During a recent interview, the host of the radio show I was a guest on asked me about the women who’d inspired me. She prefaced her question by talking about the giants upon whose shoulders we stood, listing a couple familiar names of the Civil Rights Movement and beyond. I immediately thought about a story Marian Wright Edelman used to tell when I worked at Children’s Defense Fund. It was about an elder Black woman from the Mississippi Delta who, after being lauded for being a giant with shoulders upon which other girls and women stood, “Get off my shoulders! I’m tired.”
I understand it from both sides, honestly. We live in a society, as our elders and foremothers did, where people need heroes. We want to be able to look over at someone and say, “If she did it, so can I.” Likewise, there’s a fine line between inspiration and idolatry; high regard and hero worship. This Black Women’s History Month, what does it mean to honor, see and believe in the women in our lives because they’re human, not super(human)?
And what if we gave ourselves that same leeway–to just be human, to grow when the time was right? As winter yawns, stretches her limbs and wakes from her slumber, we expect to see spring blooms and have scents of floral tickle our noses before pollen jerks out a sneeze. But spring blooms when she wants to. Seasons change when it’s time. Our call is to, as I tell staff and students all the time, “have a plan and be flexible.”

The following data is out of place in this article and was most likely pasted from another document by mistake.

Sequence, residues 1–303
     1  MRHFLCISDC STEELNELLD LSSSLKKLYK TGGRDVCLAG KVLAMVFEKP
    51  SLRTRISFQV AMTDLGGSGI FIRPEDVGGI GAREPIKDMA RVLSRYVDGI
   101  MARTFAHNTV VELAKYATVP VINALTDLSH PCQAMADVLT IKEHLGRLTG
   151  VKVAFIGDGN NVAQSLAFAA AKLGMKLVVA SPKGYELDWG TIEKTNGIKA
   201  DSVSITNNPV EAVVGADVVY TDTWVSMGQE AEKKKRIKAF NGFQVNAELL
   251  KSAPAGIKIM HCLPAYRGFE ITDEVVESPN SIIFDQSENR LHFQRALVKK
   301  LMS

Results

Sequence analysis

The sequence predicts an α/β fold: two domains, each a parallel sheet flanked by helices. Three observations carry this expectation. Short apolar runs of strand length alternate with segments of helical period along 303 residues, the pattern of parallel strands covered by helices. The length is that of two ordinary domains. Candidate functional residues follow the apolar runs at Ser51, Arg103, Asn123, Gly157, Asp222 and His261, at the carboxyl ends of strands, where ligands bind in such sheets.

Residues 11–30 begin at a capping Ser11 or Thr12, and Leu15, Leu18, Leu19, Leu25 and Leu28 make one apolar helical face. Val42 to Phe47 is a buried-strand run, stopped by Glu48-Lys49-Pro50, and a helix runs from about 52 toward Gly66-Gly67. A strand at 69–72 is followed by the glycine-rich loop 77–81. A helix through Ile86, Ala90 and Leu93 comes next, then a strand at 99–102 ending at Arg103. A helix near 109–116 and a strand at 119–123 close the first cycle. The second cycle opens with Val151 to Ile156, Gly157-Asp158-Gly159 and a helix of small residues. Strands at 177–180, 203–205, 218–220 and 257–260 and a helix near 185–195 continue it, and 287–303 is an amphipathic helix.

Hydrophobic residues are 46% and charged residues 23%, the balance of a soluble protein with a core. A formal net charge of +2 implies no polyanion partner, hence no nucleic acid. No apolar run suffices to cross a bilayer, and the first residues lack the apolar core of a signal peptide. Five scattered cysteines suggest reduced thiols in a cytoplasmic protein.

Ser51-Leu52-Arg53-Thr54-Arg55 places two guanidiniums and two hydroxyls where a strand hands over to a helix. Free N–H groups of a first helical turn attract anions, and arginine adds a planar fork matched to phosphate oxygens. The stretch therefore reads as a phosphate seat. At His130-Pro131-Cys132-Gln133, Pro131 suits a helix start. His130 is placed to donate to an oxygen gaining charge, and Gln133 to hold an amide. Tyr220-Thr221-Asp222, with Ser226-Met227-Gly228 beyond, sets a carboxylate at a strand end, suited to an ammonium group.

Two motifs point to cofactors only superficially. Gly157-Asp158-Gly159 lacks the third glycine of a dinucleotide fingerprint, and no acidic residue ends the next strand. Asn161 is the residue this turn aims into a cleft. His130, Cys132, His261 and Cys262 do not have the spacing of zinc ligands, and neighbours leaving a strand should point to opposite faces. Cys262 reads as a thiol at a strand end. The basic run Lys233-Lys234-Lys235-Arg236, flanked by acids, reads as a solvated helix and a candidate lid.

Back to the interviewer. I told her I was privileged. My heroines were my grandmother, mom and aunts. I didn’t have to look very far; I know not everyone can do that. One of the most beautiful things about these heroines, though, is they’re not giants. They’re humans. I’ve had the honor of seeing their strength, frailty, vulnerability and charm wrapped in unique packages with distinct personalities and long lasting impact. I’d have never been able to see all of that standing on their shoulders.
Give me the eye-level view every time please.